Unfortunately, insulin also stops lipolysis, our body’s ability to break down fat.

So, it seems that the meal we ate just before going on that bike ride or run is now priming our body to burn mainly glucose/carbs as an energy source, and inhibiting our body’s ability to use fat.

There are two problems with this:

First, taking in carbs right before exercise is simply unnecessary (for most of us).  Our muscles and liver have large glycogen (sugar) stores that will usually last us for 1-1.5 hours of exercise on their own. So for most of us who are waking up early and doing less than 1.5 hours of exercise, you simply do not need calories.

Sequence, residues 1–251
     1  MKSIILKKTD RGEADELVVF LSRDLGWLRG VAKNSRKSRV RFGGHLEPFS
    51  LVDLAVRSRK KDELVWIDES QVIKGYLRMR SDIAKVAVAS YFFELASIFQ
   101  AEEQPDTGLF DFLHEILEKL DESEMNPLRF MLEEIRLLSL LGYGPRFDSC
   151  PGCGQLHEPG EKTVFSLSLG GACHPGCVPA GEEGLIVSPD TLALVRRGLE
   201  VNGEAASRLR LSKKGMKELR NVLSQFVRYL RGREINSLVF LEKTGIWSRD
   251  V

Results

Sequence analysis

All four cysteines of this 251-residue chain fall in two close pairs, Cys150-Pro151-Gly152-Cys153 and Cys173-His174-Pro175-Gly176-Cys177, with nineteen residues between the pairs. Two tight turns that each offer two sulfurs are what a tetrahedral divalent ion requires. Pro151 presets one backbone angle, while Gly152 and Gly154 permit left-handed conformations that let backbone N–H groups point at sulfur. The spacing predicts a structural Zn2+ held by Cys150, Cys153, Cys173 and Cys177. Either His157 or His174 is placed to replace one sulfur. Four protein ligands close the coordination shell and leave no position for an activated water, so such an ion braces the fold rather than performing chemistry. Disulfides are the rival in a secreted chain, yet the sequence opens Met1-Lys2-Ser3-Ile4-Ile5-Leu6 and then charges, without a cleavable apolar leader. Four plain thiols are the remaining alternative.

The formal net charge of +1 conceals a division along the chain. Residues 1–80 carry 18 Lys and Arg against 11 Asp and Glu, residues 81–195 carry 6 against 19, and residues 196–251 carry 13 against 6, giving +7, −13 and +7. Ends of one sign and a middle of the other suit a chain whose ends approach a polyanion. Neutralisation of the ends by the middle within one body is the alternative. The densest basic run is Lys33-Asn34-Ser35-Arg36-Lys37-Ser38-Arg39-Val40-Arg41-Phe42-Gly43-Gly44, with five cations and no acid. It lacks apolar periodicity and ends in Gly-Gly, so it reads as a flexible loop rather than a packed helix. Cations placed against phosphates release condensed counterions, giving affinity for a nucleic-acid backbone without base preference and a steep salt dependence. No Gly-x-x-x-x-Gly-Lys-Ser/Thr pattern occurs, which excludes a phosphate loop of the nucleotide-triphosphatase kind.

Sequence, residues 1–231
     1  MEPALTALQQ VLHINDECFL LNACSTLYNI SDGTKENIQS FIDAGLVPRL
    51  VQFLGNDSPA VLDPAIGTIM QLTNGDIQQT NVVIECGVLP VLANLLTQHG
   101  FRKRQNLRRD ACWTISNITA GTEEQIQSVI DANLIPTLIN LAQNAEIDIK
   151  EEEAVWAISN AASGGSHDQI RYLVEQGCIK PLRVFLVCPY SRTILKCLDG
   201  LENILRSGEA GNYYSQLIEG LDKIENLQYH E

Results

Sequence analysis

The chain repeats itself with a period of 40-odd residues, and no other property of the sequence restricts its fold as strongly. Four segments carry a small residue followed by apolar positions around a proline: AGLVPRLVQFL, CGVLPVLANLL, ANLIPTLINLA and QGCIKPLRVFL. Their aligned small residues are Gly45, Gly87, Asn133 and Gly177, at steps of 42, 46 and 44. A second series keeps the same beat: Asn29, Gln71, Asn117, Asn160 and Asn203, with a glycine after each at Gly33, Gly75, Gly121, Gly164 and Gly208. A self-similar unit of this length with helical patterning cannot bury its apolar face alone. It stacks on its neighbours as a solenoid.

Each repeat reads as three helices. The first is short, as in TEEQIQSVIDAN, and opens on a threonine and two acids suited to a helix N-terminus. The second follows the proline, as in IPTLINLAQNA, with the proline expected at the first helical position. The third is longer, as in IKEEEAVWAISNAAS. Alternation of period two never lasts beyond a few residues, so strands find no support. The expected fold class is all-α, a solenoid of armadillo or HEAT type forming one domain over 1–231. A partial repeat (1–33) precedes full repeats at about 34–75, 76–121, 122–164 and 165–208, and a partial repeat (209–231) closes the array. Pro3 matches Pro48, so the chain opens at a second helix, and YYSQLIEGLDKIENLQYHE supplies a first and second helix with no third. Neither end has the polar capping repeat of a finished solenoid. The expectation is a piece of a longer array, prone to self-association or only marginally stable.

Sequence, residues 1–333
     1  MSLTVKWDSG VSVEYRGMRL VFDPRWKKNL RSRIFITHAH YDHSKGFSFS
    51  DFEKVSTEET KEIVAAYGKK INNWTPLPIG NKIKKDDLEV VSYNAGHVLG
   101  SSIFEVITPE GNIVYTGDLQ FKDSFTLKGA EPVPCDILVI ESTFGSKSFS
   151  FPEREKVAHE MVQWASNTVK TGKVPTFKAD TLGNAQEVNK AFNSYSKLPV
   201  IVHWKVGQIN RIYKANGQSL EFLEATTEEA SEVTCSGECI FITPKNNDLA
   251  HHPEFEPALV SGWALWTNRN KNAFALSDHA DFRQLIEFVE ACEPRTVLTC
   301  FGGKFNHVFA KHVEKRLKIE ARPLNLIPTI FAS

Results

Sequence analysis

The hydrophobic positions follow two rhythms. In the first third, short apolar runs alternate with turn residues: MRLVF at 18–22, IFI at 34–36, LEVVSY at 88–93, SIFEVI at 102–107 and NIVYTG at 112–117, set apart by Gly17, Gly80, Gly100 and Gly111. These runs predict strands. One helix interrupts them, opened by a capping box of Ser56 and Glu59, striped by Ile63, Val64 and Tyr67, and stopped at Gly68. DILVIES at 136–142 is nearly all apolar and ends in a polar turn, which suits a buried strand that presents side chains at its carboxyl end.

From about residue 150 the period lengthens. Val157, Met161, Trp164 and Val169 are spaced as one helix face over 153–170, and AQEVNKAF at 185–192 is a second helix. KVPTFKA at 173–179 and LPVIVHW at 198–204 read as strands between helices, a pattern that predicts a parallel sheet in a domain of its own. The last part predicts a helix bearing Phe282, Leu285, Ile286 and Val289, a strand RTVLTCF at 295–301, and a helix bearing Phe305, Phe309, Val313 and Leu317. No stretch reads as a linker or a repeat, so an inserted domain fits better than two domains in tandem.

Second, we are not teaching our body how to become an efficient fat burner. Yes, fat burning! We all should strive to be better fat burners! Why?

We will have less fat stores!

We will have better endurance because burning fat is so much more efficient.

We will start to wean ourselves off the “carb/insulin” cycle, where we get hungry, eat carbs, spike our insulin, have a blood sugar drop, get tired/weak/hungry again, eat more carbs, and repeat…

It makes sense if we start our exercise on an empty stomach, with no insulin spike, our body will be better able to start burning more fat in our hybrid engine, and the more we burn fat, the more efficient our body becomes at breaking down fat, which will then carry over into our non-exercising life!